Working out? What’s Your Fitness Eating Plan? Here’s What You Need To Consider
Starting a workout plan is a great accomplishment. But for those who are serious about improving their fitness, working out is only one part of the equation. You also need to have a great eating plan to accompany your workout regimen. How should you structure and plan your meals if you already have a workout plan? Keep the following points in mind to make this process easier.
Your Fitness Goals
Everyone has a different goal for what they want to accomplish when incorporating working out into their lifestyle. For example, someone with a sedentary desk job may want to work out so that they can stay at a healthy weight. On the other hand, a professional or student football player might want to get stronger and faster on the field.
Just as these goals require different workout regimens, they also require different eating routines. Be sure that you plan your eating habits around your goals. Generally speaking, people who want to lose weight will need to burn more calories than they consume, while people who want to gain muscle must do the opposite.
Your Body Type
The first big difference to consider when it comes to body type is whether you are male or female. Men generally need more calories each day to maintain their body weight. According to information from the Harvard Medical School, a 125-pound woman who is moderately active will require about 2,000 calories each day to keep a stable weight. A 175-pound man with the same workout habits will require 2,800 calories each day to maintain his body weight. Your age matters as well; the older the body gets, the fewer the calories required for the body to maintain a specific weight. Keep in mind your current age, weight, and gender when you are creating an eating plan.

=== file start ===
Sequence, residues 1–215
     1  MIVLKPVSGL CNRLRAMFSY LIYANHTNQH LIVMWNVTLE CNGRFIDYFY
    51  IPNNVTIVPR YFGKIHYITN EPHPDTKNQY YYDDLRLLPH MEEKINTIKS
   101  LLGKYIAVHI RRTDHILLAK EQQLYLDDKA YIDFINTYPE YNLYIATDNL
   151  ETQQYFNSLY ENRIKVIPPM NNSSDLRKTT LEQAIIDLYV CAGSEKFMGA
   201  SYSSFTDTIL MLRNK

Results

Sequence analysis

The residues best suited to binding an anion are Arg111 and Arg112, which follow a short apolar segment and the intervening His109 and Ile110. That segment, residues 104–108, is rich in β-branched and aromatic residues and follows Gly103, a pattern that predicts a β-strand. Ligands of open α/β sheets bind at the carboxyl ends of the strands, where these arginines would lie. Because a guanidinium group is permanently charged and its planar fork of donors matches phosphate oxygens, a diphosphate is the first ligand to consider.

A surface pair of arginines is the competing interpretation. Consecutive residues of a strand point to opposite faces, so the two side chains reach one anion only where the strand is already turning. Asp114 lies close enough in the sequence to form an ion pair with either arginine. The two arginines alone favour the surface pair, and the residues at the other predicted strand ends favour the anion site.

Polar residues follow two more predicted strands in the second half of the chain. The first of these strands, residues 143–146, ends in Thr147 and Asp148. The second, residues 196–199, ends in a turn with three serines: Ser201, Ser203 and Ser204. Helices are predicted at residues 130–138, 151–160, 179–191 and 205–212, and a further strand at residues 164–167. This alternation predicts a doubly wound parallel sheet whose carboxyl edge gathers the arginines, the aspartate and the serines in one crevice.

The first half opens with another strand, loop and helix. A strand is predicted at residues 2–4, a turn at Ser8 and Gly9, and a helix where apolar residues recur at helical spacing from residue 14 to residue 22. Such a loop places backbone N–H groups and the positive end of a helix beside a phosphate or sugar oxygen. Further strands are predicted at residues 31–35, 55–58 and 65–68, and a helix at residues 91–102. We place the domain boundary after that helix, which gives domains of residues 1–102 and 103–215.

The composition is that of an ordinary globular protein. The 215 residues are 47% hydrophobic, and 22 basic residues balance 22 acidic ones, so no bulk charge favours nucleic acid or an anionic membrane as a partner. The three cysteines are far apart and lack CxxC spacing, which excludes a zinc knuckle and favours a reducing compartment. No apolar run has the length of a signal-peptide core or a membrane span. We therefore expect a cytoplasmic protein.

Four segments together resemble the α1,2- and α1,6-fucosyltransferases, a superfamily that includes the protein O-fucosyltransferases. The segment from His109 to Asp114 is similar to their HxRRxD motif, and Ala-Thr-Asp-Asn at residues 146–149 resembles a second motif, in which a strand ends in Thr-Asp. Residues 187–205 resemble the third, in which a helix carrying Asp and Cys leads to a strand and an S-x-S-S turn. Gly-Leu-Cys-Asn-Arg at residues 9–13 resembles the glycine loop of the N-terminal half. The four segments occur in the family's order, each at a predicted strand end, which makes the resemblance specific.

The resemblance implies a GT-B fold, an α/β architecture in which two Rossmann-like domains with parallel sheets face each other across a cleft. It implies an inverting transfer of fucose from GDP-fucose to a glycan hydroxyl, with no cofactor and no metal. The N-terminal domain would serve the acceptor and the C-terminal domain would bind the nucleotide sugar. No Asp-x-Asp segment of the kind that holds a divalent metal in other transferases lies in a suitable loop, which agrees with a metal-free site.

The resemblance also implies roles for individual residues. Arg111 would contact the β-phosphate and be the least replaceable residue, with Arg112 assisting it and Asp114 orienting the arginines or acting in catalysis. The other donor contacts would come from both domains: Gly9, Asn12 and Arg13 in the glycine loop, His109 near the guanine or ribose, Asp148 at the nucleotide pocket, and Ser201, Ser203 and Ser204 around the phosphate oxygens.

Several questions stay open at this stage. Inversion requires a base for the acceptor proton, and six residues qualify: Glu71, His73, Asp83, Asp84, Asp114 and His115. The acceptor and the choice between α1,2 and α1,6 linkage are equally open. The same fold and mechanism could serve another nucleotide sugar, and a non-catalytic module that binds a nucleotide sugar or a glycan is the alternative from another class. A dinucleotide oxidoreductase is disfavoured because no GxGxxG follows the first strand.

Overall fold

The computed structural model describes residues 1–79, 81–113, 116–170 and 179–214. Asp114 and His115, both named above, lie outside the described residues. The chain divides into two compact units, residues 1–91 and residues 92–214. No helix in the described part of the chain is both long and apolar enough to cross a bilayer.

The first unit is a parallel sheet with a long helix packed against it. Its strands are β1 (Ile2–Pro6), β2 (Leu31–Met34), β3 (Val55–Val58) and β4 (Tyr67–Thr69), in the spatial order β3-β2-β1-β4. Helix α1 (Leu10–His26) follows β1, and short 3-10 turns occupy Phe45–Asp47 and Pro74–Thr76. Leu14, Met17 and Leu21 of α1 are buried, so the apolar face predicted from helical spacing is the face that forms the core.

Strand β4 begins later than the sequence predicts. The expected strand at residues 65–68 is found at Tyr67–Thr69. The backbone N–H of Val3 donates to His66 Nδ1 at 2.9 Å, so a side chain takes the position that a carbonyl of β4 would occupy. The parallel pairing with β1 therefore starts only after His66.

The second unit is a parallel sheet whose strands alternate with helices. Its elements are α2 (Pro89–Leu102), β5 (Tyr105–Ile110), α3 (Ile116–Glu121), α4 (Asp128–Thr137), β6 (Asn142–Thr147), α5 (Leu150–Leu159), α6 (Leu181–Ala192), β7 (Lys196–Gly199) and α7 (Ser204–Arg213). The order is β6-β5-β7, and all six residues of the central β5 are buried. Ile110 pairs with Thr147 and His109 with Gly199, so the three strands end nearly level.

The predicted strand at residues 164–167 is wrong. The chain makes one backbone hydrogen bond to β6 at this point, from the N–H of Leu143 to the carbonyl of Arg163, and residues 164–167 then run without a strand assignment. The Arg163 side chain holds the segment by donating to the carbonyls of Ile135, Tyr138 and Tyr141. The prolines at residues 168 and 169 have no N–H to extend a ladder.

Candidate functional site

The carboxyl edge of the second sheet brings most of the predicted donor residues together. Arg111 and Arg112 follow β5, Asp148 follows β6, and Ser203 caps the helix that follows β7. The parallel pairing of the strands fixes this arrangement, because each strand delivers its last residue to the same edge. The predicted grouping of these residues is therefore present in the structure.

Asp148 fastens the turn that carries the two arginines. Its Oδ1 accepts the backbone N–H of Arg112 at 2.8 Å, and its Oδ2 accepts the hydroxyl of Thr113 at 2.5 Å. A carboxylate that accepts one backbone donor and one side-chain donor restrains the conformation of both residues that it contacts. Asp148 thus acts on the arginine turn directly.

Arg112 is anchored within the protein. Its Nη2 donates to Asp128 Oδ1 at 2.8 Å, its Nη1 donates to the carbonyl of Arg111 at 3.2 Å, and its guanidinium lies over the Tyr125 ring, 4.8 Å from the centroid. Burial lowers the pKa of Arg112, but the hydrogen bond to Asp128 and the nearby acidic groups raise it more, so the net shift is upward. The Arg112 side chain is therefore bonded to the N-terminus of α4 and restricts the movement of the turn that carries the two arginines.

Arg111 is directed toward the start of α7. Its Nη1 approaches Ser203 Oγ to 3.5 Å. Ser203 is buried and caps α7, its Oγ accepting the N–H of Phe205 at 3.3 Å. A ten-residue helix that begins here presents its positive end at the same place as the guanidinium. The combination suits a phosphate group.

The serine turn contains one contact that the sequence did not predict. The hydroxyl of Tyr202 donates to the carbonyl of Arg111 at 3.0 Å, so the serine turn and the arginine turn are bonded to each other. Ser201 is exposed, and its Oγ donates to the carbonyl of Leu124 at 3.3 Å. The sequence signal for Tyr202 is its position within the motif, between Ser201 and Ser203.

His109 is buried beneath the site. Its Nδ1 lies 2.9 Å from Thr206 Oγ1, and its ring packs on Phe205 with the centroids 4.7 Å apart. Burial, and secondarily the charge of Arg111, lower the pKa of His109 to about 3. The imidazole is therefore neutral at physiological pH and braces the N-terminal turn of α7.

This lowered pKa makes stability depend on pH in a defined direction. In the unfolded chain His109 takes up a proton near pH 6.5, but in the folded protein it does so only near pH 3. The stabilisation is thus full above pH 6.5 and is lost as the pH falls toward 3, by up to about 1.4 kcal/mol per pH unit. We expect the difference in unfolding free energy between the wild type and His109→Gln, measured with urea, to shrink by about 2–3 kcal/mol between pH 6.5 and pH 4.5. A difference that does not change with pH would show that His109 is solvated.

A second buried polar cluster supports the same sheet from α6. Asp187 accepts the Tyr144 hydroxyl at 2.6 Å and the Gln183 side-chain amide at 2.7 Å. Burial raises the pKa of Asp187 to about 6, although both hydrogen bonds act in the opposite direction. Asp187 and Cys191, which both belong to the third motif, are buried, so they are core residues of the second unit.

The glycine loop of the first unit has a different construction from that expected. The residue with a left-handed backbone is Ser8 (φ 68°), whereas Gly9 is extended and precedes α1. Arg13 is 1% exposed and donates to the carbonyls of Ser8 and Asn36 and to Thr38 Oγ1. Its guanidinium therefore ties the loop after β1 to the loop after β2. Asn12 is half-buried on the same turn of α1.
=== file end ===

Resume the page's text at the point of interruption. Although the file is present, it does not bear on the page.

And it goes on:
While when you eat generally isn’t as important as what you eat, it still makes a difference. If you are going to be training for an intense competition or sporting event like a triathlon or soccer tournament, it’s important that you provide your body with the fuel it needs to perform at the highest possible level. Athletes competing in these types of activities should eat strategically by loading up on nutrients like carbohydrates, which are the body’s preferred source of energy for muscle action.
Although there are experts who will advise you to eat smaller meals more frequently for weight loss, this is a myth; scientific research has disproven the idea that eating smaller meals more frequently will help you lose weight. Instead, time your meals based around when you will be working out and when it is convenient for you to eat. This way you will not feel pressure to conform to a rigid schedule, yet you will still have the energy you need to train and compete.
With the right mindset, a clearly defined set of goals, and a willingness to continue learning, it is possible for anyone to create an effective eating plan that brings them closer to their athletic and physical health goals.